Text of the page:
Let's Talk - Sunscreen
Summer is in full bloom and we all like short shorts and summer dresses feel when we go to the beach, park, café or just ridding a bicycle to work.
This is not exactly the post I thought I would ever write, because my blog was suppose to be all about makeup, colors and glitter, but lately I have been hearing, from different people I know, that they do not wear sunscreen when leaving the house, or use olive oil as solar protection at the beach, because they still want to tan.
Things that left me thinking is that people, even after at least 10 years of been bombarded by cosmetic companies, medical champagne and news coverage, with information about damage sun rays can have on skin , do not know the importance of wearing sunscreen.
What is sunscreen?
Sunscreen, also known as sunblock, sun cream or suntan lotion, is a lotion, spray, gel or other type of product that absorbs or reflects some of the sun's ultraviolet (UV) radiation and thus helps protect against sunburn. Diligent use of sunscreen can also slow or temporarily prevent the development of wrinkles, moles and sagging skin. (source Wikipedia).
You apply masks for your hair, face, hands to make them soft, supple and protect them against damage from pollution, chemical elements, but you do not protect the biggest part of your body, the skin, against sunburn.
We are all different and need different protection against the sun rays, that is why sunscreens have SPF.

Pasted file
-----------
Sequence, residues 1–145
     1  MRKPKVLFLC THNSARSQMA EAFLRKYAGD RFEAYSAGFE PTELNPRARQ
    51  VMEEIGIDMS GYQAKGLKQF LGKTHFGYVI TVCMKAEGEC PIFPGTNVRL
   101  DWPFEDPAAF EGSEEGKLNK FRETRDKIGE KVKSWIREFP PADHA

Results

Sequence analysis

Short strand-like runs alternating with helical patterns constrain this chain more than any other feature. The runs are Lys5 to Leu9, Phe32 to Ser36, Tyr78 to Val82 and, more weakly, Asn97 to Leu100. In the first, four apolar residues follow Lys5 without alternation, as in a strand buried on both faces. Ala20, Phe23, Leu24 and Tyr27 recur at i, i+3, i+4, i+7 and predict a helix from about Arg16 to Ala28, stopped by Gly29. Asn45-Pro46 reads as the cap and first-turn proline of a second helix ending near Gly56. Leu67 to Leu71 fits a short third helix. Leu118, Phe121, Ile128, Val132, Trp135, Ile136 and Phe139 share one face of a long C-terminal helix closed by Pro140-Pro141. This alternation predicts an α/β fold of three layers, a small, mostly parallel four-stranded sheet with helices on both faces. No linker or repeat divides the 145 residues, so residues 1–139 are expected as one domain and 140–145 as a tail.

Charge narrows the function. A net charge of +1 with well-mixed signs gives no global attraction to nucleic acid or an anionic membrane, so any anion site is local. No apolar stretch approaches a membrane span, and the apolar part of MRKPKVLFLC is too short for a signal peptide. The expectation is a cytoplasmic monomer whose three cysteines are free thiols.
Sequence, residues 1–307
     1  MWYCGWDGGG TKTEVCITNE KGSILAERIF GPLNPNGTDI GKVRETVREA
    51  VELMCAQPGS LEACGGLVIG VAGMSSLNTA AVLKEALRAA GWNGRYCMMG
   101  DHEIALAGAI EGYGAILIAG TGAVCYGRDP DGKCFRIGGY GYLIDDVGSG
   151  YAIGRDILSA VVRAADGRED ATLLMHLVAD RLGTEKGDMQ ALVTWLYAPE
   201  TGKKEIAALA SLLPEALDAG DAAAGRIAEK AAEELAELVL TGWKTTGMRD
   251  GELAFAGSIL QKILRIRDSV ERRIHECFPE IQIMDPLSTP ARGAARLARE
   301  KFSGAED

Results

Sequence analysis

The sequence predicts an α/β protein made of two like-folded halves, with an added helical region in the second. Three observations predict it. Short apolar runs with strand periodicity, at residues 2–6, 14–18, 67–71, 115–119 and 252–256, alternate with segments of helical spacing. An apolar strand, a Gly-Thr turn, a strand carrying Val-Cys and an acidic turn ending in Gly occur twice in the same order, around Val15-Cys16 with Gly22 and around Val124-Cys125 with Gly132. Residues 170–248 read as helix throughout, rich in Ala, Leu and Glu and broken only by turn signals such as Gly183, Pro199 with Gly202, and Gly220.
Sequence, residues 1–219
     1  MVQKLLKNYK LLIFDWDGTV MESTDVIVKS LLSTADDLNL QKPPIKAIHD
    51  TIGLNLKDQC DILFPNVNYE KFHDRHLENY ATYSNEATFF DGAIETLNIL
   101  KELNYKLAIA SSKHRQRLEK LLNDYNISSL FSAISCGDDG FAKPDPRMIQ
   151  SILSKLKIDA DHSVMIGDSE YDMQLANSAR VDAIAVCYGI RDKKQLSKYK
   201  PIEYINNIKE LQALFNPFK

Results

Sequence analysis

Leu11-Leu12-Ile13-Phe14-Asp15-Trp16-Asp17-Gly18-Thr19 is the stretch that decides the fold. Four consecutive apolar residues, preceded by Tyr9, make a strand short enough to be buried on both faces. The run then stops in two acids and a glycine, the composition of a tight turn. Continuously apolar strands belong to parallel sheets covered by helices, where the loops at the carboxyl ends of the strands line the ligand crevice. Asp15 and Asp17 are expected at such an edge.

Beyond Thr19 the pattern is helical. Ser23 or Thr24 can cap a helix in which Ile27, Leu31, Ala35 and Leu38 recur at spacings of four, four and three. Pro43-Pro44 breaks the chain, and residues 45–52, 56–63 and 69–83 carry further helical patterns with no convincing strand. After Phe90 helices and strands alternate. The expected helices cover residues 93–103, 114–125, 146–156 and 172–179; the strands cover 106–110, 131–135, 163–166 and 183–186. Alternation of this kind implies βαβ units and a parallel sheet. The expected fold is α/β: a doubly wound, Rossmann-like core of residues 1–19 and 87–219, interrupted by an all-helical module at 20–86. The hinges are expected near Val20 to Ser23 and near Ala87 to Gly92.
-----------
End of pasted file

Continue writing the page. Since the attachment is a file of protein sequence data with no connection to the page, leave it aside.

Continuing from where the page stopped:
What is SPF?
SPF, or Sun Protection Factor, is a measure of how well a sunscreen will protect your skin from UVB rays, the kind of radiation that causes sunburn, damages skin, and can contribute to skin cancer.
The SPF (Sun Protection Factor) scale is not linear:
SPF 15 blocks 93% of UVB rays SPF 30 blocks 97% of UVB rays SPF 50 blocks 98% of UVB rays. (source www.badgerbalm.com)
They may seem like negligible differences, but if you are light-sensitive, or have a history of skin cancer, those extra percentages will make a difference. And as you can see, no sunscreen can block all UV rays.
How do sunscreen works?
If it takes 20 minutes for your unprotected skin to start turning red, using an SPF 15 sunscreen theoretically prevents reddening 15 times longer — about five hours. No sunscreen, regardless of strength, is expected to stay effective longer than two hours without reapplication.
The "reddening" of the skin is a reaction to UVB rays alone but it tells you little about what UVA damage you may be getting. Plenty of damage can be done without the red flag of sunburn being raised.
What I am trying to tell you, is that you need to do a bit of research and not believe all of the myths out there. It is better to be informed than do some permanent damage to your skin just for a three month tan.
There are so many options out there, cream, gel or spray, water, sweat or sand resistant, to choose from, I am sure you will find the sunscreen that fits you best, so you can enjoy the sun fully. 🌞